Behind the screen with Sea Shepherd

Sea Shepherd Conservation Society Captain Pete Bethune takes aim at Japanese whalersYou have to wonder where nonviolence would get activists on the high seas. Whales can be grateful the Sea Shepherd Society heros don’t opt to sacrifice the whales to save them. Captain Paul Watson is visiting Colorado College tomorrow to elaborate, but I have no illusion he’s at liberty to detail his provocative strategies. First off, he can’t spoil the upcoming TV season of Whale Wars and second, doesn’t playing for the media really turn on illusion?

Sea Shepherd’s fight to defend whales scored big when the cameramen began to film their adventures for the Animal Planet network. Even for veteran activists the reality TV format has necessitated they take some stage direction, and meant that the documentary lens presuming to take viewers behind the scenes, created a layer behind that one.

For example, look at the action shot at the top right, where a Sea Shepherd inflatable comes in close to harass a whaling ship. Everyone is helmeted and goggled, except leading man Pete Bethune aiming his stink bomb launcher as the camera focuses in. He doesn’t even have gloves or the bulkier dry-suit of his comrades. Are we to imagine protection from the Japanese water cannons is optional? Obviously adventuring with a script requires taking greater risks to get more drama in the shot. I’m contemplating now about the controversy surrounding the ramming of the Ady Gil. It was certainly dramatic.

When I went to check out one of two Whale Wars DVDs at my public library, I discovered a waiting list fourteen borrowers long. Certainly Sea Shepherd got its money worth from the sinking of the Ady Gil, whether by accident or not. After the collision the whale warriors demanded the Japanese whalers be charged with attempted murder. There could have been casualties, if anyone had been below deck. Skeptics suspect the Ady Gil’s helmsman sneaked his bow into harm’s way. How will we ever know?

By all appearances the Ady Gil was coasting slowly, all hands on deck, when the Japanese ship suddenly turned on her. Unseen might have been a quick lunge to intersect with the whaler’s bow. It’s hard to tell from the footage, taken from just the right angle by the Bob Barker coasting nearby. The Ady Gil was an innovative speed boat designed to pierce waves, not ride them, and could well disguise a last forward thrust.

I don’t think Paul Watson is about to fess up.

The third season of Whale Wars promises to reveal what happened behind the scenes, at Sea Shepherd, because they don’t have cameras following the Japanese fleet. And I think we’re going to see where reality television hits the wall. Whale Wars is not documentary filmmaking, it’s advocacy and drama. I love it, and I’d like to see more of it.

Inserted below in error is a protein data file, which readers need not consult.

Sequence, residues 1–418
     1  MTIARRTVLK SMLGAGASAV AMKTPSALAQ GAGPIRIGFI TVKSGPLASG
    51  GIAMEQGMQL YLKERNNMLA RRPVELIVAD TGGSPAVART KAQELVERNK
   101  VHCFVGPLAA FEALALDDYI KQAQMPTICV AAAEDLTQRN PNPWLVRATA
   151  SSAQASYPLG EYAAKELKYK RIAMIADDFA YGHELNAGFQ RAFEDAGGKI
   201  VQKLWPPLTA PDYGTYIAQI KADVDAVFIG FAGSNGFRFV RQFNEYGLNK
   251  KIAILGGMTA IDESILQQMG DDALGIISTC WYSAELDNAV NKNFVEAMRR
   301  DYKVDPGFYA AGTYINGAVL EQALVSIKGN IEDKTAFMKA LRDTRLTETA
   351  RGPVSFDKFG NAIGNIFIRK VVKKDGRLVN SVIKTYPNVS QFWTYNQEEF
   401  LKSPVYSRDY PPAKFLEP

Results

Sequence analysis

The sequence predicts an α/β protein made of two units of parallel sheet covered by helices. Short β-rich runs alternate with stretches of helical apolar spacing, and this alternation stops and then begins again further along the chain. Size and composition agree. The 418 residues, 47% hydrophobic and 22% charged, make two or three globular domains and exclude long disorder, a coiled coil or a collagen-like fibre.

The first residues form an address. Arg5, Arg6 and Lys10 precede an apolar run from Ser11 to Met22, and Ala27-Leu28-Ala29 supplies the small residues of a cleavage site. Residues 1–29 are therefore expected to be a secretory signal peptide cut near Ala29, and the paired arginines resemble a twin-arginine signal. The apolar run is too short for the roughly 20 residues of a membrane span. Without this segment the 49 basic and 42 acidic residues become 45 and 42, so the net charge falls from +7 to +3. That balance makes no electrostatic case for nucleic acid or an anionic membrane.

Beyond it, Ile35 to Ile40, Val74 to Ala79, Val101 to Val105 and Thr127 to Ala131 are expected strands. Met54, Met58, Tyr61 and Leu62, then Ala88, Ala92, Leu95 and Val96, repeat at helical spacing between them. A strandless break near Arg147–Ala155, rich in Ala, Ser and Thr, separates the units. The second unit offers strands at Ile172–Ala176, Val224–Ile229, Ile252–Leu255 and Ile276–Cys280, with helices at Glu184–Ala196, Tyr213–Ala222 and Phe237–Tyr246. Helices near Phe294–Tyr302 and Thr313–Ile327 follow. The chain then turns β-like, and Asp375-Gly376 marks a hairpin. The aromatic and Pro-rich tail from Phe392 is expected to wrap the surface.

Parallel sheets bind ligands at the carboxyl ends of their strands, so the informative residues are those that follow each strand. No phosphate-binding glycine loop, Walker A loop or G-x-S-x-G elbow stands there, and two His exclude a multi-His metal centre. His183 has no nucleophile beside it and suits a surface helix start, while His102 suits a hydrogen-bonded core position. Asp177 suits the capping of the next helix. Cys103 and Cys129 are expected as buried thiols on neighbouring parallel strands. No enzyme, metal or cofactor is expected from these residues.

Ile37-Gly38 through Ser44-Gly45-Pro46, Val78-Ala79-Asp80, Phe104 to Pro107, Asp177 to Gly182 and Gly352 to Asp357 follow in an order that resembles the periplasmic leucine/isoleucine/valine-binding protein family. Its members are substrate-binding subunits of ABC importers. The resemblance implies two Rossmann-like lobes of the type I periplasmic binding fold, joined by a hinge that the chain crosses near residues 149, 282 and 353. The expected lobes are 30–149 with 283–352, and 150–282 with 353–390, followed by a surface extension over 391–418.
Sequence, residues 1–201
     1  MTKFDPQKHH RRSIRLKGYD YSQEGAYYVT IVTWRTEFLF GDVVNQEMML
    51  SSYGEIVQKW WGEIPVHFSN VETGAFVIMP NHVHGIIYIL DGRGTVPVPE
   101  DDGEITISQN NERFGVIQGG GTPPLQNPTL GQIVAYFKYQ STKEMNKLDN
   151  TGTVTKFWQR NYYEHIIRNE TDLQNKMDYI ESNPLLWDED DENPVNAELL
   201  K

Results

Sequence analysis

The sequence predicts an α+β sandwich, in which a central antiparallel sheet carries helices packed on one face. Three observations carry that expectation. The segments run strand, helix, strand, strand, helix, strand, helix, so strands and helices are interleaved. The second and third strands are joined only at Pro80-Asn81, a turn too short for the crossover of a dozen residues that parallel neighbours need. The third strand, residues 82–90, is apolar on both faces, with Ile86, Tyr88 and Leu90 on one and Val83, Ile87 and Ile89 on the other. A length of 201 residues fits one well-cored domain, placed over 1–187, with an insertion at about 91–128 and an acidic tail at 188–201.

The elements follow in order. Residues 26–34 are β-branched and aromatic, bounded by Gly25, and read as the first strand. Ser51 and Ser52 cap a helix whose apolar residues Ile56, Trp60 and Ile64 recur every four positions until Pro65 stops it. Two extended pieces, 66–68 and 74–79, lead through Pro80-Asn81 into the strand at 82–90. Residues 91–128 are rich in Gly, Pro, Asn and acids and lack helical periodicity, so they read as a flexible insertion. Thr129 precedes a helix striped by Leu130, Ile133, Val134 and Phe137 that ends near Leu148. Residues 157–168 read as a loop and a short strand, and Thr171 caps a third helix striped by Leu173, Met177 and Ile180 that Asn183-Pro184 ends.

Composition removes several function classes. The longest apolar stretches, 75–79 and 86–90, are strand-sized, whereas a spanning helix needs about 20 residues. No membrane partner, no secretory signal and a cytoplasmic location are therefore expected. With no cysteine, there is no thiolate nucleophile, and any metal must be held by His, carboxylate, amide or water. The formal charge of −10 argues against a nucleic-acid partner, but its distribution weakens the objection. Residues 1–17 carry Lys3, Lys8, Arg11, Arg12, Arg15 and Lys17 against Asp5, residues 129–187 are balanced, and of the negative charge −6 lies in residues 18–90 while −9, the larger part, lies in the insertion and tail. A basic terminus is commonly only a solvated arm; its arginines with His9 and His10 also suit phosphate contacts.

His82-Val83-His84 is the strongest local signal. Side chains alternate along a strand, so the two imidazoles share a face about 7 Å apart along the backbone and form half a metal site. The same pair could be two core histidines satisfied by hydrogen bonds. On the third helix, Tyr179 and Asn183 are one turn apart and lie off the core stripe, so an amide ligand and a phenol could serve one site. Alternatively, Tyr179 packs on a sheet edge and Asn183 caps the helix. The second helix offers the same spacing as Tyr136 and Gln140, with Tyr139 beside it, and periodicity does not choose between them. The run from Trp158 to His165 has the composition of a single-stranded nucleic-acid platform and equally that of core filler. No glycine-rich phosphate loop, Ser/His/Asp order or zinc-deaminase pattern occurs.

I’m not such a kill-joy to say that fashioning 43-minute long narratives prevents telling the truth. But I suspect filming the whaling renegades is something akin to televised poker, pretending to film behind the dark glasses. After seasons of strategies and bluffs, some inferred, some revealed, Watson and co now have to play close to the chest, and certainly must never been seen by their adversaries to have something up their sleeve.

I already lament the distance which official history keeps in relation to historical truth. What really happened, the story of mankind, is reserved for the student with no whale in the race.

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Eric Verlo

About Eric Verlo

On sabbatical
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2 Responses to Behind the screen with Sea Shepherd

  1. Avatar John says:

    I wonder why Bethune boarded the Japanese ship he says illegally sunk his speed boat and tried to arrest it, and he did that instead of waiting for the outcome of the investigation to determine if in fact the Japanese ship was at fault. Doesn’t that seem odd? And who the hell does he think he is to act as judge and jury to declare who is at fault and then take the law into his own hands and try to arrest the Japanese ship? And wasn’t it just a little insane to believe he could arrest the ship anyway- or was that a clever ploy so when his court case comes up in Japan he can plea insanity- should work fine!

  2. Avatar Brother Jonah says:

    Actually, for the most part Japan is promoting Ecology not only to the Japanese people but also to the entire world. But that’s more in the realm of art than Government. The Captain Planet cartoon show, for instance. The entire Godzilla phenomenon for another.

    And then there’s whaling.

    As for counterattacking the ones who attacked him, how would that be insanity?
    Insanity would be expecting the courts of any country to rule against the Rich Corporations.
    The outcome of the investigation was rigged beforehand. Kangaroo courts aren’t limited to the U.S.

    Kind of like expecting the U.S. government to actually do what they’re legally obligated to do and arrest War Criminals like Rove, Bush, Kissinger, Cheney, Prince.

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